So while this may be in some ways, yet another rant, I hope that people will be more aware of the viscious circle that folks like me end up in because of society’s view of us and the fact that I believe that many, not all, but many politicians forget that there are lives that will be impacticted by changes made to the numbers they are juggling when balancing budgets.  I feel that special interest typ projects that by design will only impact an individual community, such as funding for stadiums for example should be where cuts should be made, not because stauims don’t serve a purpose, but because people can live without a stadium, they can’t live without food.

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“Mayview State Hospital’s fate still unknown”

 

Those curious about the eventual fate of the Mayview State Hospital property will
have to wait another month.
The state task force studying the issue cancelled the meeting it had scheduled for
tonight, and is withholding its draft report to await more information.
“We are expecting the final appraisal and land survey in
June,” State Sen. John Pippy, R-Moon, said Monday.
“Originally we didn’t know when that was going to come
back. Since we’re going to have it, it seemed wise to wait
for it.”
The state, as part of its program to decentralize mental health
care, closed the hospital at the end of the year. Mr. Pippy is
co-chair of the task force, which is exploring the best use of the 335-acre site on
Chartiers Creek in South Fayette.
The process has not been free of controversy. Advocates have staged rallies at task
force meetings, calling for a sale at the highest possible price with the proceeds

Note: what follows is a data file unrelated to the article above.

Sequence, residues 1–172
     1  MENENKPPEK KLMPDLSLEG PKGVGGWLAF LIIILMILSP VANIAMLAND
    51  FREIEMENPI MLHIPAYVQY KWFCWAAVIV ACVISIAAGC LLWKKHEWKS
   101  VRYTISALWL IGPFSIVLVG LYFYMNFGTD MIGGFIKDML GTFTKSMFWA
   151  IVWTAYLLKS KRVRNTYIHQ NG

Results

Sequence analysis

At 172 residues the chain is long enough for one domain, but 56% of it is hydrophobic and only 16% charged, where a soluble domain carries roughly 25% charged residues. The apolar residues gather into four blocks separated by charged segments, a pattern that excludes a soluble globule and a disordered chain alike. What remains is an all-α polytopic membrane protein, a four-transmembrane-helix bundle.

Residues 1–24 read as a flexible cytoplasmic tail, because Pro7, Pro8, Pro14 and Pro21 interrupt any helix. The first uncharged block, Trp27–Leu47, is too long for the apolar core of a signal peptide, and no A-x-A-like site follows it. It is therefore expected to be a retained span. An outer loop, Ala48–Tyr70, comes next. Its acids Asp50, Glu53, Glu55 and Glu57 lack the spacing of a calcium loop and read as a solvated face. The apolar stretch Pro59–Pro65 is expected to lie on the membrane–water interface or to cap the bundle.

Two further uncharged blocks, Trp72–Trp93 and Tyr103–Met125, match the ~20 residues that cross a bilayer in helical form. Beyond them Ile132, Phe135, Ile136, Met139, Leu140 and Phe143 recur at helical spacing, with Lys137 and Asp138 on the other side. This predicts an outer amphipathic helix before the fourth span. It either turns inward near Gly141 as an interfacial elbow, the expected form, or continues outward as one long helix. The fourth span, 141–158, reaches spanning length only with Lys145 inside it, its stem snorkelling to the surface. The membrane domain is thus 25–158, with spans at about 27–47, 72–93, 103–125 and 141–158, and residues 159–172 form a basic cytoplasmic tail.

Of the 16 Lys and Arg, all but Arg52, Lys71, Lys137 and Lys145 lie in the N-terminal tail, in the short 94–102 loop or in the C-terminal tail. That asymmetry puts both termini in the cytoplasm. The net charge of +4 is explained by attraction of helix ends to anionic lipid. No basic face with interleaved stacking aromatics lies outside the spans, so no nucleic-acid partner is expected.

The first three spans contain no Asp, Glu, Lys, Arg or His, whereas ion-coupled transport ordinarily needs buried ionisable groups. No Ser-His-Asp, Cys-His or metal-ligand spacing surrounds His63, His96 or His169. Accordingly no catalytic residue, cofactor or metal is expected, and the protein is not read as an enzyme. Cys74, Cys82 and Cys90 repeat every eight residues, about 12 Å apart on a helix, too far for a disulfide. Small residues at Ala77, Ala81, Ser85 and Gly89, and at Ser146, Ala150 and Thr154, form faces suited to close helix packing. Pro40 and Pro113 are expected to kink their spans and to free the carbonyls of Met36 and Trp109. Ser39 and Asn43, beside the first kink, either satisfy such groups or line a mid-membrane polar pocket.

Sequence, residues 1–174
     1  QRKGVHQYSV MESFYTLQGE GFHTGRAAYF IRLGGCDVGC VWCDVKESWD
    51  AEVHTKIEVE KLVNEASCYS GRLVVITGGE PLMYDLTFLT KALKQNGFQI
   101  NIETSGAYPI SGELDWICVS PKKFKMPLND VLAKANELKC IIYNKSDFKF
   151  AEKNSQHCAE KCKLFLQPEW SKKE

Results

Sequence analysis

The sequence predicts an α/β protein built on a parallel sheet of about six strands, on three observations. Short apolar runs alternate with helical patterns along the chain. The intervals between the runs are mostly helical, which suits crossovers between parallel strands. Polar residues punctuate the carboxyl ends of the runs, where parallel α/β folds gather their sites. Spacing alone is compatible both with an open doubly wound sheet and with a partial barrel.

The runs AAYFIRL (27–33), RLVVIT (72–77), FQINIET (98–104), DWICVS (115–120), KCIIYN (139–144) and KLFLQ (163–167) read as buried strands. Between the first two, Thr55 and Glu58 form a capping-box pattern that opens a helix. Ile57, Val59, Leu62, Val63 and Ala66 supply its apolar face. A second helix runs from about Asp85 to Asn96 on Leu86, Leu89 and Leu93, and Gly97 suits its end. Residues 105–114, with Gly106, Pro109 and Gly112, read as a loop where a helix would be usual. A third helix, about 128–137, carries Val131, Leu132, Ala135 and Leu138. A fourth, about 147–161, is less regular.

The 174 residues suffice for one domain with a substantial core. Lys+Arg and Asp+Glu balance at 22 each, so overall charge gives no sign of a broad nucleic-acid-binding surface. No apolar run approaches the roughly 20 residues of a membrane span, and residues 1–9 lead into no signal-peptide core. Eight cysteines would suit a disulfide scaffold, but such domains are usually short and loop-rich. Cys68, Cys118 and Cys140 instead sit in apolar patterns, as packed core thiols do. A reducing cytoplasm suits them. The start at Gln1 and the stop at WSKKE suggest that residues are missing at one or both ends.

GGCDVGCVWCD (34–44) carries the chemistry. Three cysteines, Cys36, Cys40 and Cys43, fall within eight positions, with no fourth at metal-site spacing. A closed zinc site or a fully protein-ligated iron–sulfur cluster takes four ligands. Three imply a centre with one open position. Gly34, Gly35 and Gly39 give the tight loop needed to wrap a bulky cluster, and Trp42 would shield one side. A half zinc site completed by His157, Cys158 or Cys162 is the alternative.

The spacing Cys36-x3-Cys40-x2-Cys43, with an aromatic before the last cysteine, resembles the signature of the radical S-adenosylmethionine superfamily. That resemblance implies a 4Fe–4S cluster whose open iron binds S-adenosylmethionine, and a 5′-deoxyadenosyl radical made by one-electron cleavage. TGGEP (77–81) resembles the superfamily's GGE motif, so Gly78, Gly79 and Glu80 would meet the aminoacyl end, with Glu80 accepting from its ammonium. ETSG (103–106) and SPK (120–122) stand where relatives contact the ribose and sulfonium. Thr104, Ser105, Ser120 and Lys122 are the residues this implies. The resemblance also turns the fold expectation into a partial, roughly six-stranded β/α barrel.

going toward mental health care.
Others have been sounding a cautionary note, pointing out that slopes and wetlands
limit the buildable space to about 80 acres, noting that access on Mayview Road
would limit development for major business or commercial use and saying that the
roughly 30 buildings will have serious asbestos issues in demolition or reuse.
South Fayette commissioners recently changed the property’s zoning to a newly
created designation for recreational use, which would include use as a public park,
low-density residential or agriculatural use or such commercial recreation use as a
golf course.
The township is interested in acquiring the upper part of the property — west of
Mayview Road, up a steep slope — and adding it to the adjacent Fairview Park.
Some of the hospital buildings are more than a century old, and many are in poor
condition, ill-suited for reuse. Those dating from the middle of the 20th Century are
laden with asbestos, as are most buildings from the era. It will have to be safely
removed whether they are renovated or demolished.
Mr. Pippy said the task force essentially agrees with the goals of the mental health
advocates.
Mayview State Hospital’s fate still unknown
State to release report next month
Thursday, May 07, 2009
By Brian David, Pittsburgh Post-Gazette
LOCAL / NEIGHBORHOODS / SOUTH
Inside Neighborhoods:
City
East
West
North
South
Washington
Westmoreland
5/10/2009 Mayview State Hospital’s fate still unk…
post-gazette.net/pg/…/968062-55.stm 1/2
advocates.
“We’ve been working with them closely over the last couple of months,” he said.
“We want to make sure that as much money comes from this as possible, and that it
goes to mental health care.”
But it’s not likely to be tens of millions, as advocates would like. “I don’t think
people have taken fully into account the cost of demolition,” Mr. Pippy said.
The task force commissioned the appraisal in March; the contract called for an
assessment of the land’s value at its highest possible use, regardless of zoning.
Having it should lend some clarity to the draft report, which Mr. Pippy described
as “essentially an attempt to summarize most of the notes we’ve taken at the various
hearings” held about the land’s use.
The task force announced several weeks ago that it would post the report on its
Web site about a week prior to tonight’s meeting. But when it cancelled the
meeting, it also cancelled plans to post the report.
“There won’t be anything in there that’s new,” Mr. Pippy said. “It’s all the stuff
people have been hearing talk about. But it seemed prudent to wait for the
appraisal.”

 

This article first seen in the May 7, 2009 issue of the Pittsburgh post-gazette offers an update as to where things are with regards to the issues surrounding the re-use of the former Mayview state Hospital property.  The article can be found in it’s original format at … http://www.post-gazette.net/pg/09127/968062-55.stm